Behind bars: New homes for former Aspen-area residents Nardi, Styler
September 7, 2014
Peter B. Nardi works as a custodian at the Bent County Correctional Facility making 66 cents per hour. William F. Styler III has been sitting in a state inmate processing facility near Denver for the last 72 days, waiting to learn the location of his next home.
Nardi, 52, and Styler, 66, represent Pitkin County’s highest-profile convictions of late, with the former having started a 15-years-to-life sentence on July 7 for the April 2013 sexual assault of his ex-girlfriend (along with five other charges) and the latter facing more than 19 years behind bars following his second-degree murder plea on June 20 in connection with the February death of Aspen native Nancy Pfister.
For Nardi, a former Aspen bartender, the Bent County prison is a far cry from what is considered the more comfortable confines of the Pitkin County Jail, which housed him, off and on, for several weeks of the 12 months between his arrest and conviction by a 12-person jury.
The Bent County facility is owned by the private prison company Corrections Corporation of America, which contracts with the state to house inmates. According to state Department of Corrections spokeswoman Adrienne Jacobson, it’s a medium-security prison with a population of 1,416 and sits in a remote area of the Front Range east of Pueblo.
“It’s in the plains,” she said. “There’s just not much out there. It’s more or less in the middle of nowhere. There’s farming nearby; there’s a lot of flat, open space.”
Before arriving in Bent County on Aug. 6, Nardi had a brief stopover at the Colorado Territorial Correctional Facility in Canon City. It houses long-term inmates but also can play the role of a temporary intake facility where inmates are evaluated and processed before being sent elsewhere.
The Denver Reception and Diagnostic Center, where Styler is currently housed, is more of a full-time intake facility, although a few long-term inmates likely reside there, Jacobson said. The maximum population of the center is 575.
“Offenders are given a complete diagnostic evaluation including medical, dental, mental health assessment and personal needs assessments, as well as academic and vocational testing, initial classification and a custody level recommendation,” the department’s website says.
Nardi’s estimate eligibility date for parole is Feb. 1, 2026. However, state law mandates that a sexual-assault conviction be connected to what’s known as an “indeterminate sentence,” meaning that Nardi cannot be released unless he admits his guilt and participates in an intensive rehabilitation program. Nardi, however, has always maintained his innocence and even took the stand in his own defense at the conclusion of his two-week trial, to no avail.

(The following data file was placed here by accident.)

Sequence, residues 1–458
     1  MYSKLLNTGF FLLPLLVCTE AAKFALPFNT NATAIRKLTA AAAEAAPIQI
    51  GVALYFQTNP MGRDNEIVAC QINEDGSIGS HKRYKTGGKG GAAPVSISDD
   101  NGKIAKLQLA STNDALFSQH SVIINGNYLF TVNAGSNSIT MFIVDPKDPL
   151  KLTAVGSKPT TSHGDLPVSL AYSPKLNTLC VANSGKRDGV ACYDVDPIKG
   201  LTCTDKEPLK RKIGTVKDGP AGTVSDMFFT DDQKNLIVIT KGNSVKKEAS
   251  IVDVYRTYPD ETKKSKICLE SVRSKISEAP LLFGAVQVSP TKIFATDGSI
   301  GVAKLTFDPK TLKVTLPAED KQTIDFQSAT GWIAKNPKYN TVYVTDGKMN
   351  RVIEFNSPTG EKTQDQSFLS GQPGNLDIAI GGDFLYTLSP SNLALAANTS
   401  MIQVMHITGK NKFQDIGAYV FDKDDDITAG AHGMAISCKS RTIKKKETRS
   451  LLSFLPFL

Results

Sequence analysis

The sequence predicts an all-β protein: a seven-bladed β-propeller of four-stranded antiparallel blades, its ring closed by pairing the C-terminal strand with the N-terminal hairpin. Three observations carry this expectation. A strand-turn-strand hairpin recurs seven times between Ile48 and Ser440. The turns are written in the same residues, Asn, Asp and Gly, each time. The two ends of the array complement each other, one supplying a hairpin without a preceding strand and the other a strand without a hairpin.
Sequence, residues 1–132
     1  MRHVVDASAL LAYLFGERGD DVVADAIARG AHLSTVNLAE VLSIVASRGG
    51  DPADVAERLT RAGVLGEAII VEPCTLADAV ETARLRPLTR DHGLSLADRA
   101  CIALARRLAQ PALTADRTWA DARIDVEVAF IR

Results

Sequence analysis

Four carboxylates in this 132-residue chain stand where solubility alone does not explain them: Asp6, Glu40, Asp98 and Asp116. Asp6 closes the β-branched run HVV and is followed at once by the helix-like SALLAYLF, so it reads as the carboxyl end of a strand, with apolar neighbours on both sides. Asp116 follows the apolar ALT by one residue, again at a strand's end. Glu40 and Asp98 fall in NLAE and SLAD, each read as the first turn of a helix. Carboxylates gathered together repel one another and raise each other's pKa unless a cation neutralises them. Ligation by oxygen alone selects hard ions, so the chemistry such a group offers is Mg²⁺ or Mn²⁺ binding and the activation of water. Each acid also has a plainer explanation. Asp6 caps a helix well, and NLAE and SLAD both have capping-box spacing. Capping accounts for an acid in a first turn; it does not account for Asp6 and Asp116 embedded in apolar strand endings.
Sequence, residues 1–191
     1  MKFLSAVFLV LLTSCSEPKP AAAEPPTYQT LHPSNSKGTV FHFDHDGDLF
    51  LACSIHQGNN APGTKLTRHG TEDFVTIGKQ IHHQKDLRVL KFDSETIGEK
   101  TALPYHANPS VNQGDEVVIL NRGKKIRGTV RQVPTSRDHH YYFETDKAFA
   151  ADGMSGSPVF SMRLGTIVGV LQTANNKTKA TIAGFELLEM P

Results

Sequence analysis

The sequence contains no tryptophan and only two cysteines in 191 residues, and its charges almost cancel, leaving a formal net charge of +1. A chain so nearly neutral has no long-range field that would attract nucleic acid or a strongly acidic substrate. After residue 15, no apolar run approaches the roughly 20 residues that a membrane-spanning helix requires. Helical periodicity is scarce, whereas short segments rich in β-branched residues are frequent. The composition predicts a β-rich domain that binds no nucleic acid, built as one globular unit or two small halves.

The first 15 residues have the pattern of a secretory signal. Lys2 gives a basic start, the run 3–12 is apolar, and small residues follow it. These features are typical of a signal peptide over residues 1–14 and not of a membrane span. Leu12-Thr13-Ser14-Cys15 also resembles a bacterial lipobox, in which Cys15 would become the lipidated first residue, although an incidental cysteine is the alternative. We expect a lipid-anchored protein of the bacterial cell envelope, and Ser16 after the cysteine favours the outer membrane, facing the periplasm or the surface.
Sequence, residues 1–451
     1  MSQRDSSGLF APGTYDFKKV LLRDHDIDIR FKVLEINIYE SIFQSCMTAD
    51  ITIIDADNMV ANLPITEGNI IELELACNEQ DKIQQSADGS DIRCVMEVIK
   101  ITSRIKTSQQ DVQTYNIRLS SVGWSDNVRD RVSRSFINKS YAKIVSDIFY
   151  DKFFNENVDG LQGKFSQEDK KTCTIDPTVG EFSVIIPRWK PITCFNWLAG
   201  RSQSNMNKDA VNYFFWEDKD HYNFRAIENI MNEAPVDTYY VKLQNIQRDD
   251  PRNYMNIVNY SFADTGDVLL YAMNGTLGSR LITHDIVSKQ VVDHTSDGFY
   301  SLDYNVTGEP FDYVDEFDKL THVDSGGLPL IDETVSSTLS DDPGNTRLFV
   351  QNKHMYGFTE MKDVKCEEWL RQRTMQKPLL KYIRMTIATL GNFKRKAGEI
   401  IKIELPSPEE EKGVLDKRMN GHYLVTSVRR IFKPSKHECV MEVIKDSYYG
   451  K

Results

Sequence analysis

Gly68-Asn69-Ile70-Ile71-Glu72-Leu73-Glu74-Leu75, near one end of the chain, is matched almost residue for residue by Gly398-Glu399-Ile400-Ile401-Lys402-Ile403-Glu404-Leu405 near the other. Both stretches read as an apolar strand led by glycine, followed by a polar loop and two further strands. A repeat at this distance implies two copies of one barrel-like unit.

His criminal-defense attorney, John Van Ness, of Carbondale, said he has not spoken with Nardi since the July sentencing hearing. He said they have exchanged legal paperwork but nothing else. A public defender will take on Nardi’s appeal effort, Van Ness said.
By confessing to the crime under a plea agreement with the 9th Judicial District Attorney’s Office, Styler negotiated amnesty for his wife, Nancy Styler, as well as a recommendation from prosecutors to the Department of Corrections that he be sent to a prison with a sizable health-care facility. Styler sat in a wheelchair during all of his court appearances earlier this year and is said to have serious health issues, including scant lower-body strength.
Aspen felony prosecutor Andrea Bryan said her office’s recommendation was just that, a recommendation, and the corrections department is not required to abide by it.
Jacobson said she does not know why Styler remains at the Denver intake facility. Usually, inmates are processed within 60 days, but the length of stay can be longer, she said.
“We have taken questions about whether he will be sent to a medical facility,” she said. “Well, all of our facilities have clinics. We also have two infirmaries, but those are at (the Denver and Canon City intake facilities). They are for inmates who go there for surgery and then recuperate, or some that are acutely ill. So those are more like little hospitals.”
The department also has a hospice program in Canon City and a long-term medical needs unit in Denver, she said.
Styler is still being evaluated by the department and therefore his future home has yet to be decided, Jacobson said. His first parole eligibility date is about 14 years away, on Dec. 25, 2028. His mandatory release date is Dec. 25, 2033 — should he live to that point, he will be 85 years old.